As the input signal swings positive, the grid becomes less negative. This allows more electrons to pass through to the plate, which means an increase in plate current. The voltage drop across the plate resistor becomes greater and because the B+ end of the resistor is at a fixed voltage, the plate end becomes less positive. So as the grid voltage goes up, the plate voltage goes down. This is the nature of this type of amplifier circuit. When the input signal swings negative, the more negative grid reduces the number of electrons passing through and the plate current is reduced. This causes the drop across the plate resistor to decrease and the plate voltage gets closer to the B+ voltage, or higher. Neither the grid voltage nor the plate voltage gets all the way to zero. If it did, the amount of distortion would be very high.

In Class AB fixed-bias the cathode is grounded, and a constant negative voltage is applied to the grid. The tubes draw current directly from a grounded cathode and the voltage remains stable. Fixed-bias power tubes do not have a cathode resistor—the only way to make the grid more negative than the grounded cathode is to apply negative voltage to the grid. So, the power supply has circuitry that generates a negative voltage. As you make that grid bias voltage more negative, you “choke” the idle current flow more and more, and as you make it less negative you allow more and more idle current to flow. A negative bias voltage on the grid repels some of the electrons and prevents them from reaching the plate, resulting in less current flow. In this way a changing negative charge on the grid modulates the plate current.

Class A vs. Class AB Conduction
A sine wave is divided into degrees just like a circle. Zero degrees is where the signal crosses the center or 0 volt line and starts to go positive. Ninety degrees is where the signal is most positive. At 180 degrees, the signal crosses the center or 0 volt line again and goes negative. The most negative point is at 270 degrees, and 360 degrees is where the signal crosses the center line again, going positive. Because audio signals are basically sine waves, a tube conducting for 360 degrees is operating in Class A—conducting for the entire signal excursion. A tube operating in Class B would conduct for half of the wave, for example, 0 degrees to 180 degrees. The other tube in Class B would conduct the other half of the wave from 180 degrees to 360 degrees.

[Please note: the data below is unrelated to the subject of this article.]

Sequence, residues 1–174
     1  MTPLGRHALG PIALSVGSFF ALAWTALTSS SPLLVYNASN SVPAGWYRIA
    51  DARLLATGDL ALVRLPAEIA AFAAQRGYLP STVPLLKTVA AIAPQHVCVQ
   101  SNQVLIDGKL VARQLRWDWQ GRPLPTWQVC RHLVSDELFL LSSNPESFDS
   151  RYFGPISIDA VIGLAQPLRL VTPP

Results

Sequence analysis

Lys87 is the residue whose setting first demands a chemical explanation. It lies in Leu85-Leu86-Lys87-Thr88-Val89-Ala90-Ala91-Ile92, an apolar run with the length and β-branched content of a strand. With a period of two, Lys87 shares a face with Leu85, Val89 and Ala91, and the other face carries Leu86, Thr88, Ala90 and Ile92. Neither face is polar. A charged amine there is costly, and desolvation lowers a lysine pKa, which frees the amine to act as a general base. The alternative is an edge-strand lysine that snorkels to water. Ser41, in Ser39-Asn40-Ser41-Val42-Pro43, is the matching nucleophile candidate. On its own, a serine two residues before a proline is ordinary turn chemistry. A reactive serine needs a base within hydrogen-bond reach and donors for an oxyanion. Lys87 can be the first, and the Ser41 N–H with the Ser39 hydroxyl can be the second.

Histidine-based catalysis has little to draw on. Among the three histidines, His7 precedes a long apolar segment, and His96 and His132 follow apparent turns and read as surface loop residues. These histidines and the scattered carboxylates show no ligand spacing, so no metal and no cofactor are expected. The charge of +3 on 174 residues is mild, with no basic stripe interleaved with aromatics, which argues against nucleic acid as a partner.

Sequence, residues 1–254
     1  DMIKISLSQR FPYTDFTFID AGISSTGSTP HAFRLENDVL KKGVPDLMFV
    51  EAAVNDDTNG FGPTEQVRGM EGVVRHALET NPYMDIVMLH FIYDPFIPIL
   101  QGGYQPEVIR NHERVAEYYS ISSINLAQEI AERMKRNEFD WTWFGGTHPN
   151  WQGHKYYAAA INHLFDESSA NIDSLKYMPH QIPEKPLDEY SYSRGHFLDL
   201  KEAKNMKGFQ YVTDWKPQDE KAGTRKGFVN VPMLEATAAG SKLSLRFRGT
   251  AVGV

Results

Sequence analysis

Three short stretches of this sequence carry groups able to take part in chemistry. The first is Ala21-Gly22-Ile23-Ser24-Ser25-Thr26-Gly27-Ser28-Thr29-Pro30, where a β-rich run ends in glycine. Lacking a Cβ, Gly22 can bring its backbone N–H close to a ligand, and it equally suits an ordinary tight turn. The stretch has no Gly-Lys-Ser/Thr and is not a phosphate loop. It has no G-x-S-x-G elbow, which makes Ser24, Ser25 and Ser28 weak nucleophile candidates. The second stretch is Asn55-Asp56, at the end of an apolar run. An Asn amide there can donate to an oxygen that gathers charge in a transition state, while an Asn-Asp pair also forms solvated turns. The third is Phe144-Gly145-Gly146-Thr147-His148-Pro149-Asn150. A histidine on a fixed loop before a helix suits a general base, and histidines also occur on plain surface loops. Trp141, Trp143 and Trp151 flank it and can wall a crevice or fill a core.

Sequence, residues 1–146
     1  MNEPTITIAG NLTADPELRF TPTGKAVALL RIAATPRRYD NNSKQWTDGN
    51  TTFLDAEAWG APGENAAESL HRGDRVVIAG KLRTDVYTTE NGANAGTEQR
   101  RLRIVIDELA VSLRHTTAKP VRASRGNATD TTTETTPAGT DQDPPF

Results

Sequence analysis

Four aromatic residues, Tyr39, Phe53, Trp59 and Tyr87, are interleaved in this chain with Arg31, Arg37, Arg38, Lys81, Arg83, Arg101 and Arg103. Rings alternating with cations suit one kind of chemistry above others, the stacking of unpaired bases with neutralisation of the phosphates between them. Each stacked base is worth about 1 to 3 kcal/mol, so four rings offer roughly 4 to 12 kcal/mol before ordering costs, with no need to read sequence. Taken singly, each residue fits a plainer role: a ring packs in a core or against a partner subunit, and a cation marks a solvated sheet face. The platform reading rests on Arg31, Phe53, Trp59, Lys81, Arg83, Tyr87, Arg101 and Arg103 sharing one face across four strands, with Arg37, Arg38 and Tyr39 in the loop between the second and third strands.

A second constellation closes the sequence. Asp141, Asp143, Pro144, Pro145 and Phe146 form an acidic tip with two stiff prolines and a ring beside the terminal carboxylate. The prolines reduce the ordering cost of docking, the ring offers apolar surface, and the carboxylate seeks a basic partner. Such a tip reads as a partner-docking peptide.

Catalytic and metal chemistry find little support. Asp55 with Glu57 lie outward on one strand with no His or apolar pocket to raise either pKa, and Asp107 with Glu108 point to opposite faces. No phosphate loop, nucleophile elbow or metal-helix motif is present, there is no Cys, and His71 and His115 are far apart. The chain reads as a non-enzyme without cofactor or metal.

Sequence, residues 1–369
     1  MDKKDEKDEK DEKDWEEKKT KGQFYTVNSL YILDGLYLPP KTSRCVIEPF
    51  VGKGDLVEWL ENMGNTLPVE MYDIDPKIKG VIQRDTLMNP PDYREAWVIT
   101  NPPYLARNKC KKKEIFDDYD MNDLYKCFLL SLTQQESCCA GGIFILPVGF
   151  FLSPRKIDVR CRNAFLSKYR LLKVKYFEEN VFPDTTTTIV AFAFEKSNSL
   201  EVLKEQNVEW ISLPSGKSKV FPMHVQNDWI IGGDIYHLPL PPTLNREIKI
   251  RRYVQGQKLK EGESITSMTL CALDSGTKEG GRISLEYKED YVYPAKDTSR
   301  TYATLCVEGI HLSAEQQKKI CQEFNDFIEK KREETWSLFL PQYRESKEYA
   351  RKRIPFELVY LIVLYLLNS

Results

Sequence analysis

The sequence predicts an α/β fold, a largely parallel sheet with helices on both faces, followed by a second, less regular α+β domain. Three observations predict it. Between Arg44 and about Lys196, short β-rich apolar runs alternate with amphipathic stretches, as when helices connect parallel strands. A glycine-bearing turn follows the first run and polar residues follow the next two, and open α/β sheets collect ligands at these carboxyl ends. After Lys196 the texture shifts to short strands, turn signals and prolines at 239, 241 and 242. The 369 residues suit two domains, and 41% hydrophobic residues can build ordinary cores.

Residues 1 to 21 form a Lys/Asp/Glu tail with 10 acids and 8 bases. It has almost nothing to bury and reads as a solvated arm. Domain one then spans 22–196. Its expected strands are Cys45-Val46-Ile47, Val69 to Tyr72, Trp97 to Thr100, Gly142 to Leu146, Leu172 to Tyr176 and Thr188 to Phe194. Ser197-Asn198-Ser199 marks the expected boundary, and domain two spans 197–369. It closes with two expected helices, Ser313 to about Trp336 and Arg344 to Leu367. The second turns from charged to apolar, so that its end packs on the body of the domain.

This conduction quality corresponds better to the definition of Class AB than it does to Class A. The operating class definitions say nothing about symmetry (though it’s implied by desire for minimal distortion)—symmetry is not required by definition, so a Class A amp with a weak tube is really operating like a Class AB amp.

Now, consider an ideal hot-biased Class AB amp running matched tubes. The hotter the bias, the closer it will approach Class A operation, while still producing unclipped output. At some point, any differences between 360-degree conduction and some lesser coverage of the full cycle will have an inconsequential effect on the perceived tone and behavior of the amp. The difference between this case and the case in the preceding paragraph is that third-order distortion will increase as the output power exceeds the point where both tubes are not conducting for a full 360 degrees, because the output transformer tends to cancel second-order distortion due to the symmetry of the push-pull circuit. We’re still not clipping the output.

With a Class AB push-pull amp, full unclipped power will be more than the true Class A amp of comparable topology. Letting one tube cut off for a portion of the cycle allows the output stage to swing more voltage into the load of each cycle. In Class AB when you “glue” the cycles together, of course, they overlap a bit at the zero crossing. When you sum these overlapping bits together in the output transformer, they tend to be a closer match to the original signal than if you had used Class B. So, there is still crossover distortion (because the matching isn’t perfect), but in a well-behaved class AB design, there’s less crossover distortion than you would get in Class B.

The actual amount of conduction overlap in Class AB depends on how the tubes are biased. Hotter bias equals more overlap. Hotter bias means both tubes are “staying” within the Class A regime longer before they’re driven into Class B operation. Conversely, colder bias means both tubes are only within the Class A regime at idle and small signals (i.e., they go into Class B operation almost immediately). With a “hot” AB amp, watts are sacrificed for cleaner positive-to-negative transition (less crossover distortion). A colder bias means that at idle, the tube is closer to cutoff than a hotter bias. So as the input voltage swings negative, the colder tube will cutoff before the hotter one. Therefore, the hotter bias will conduct through more of the input wave (more degrees) than the colder biased tube.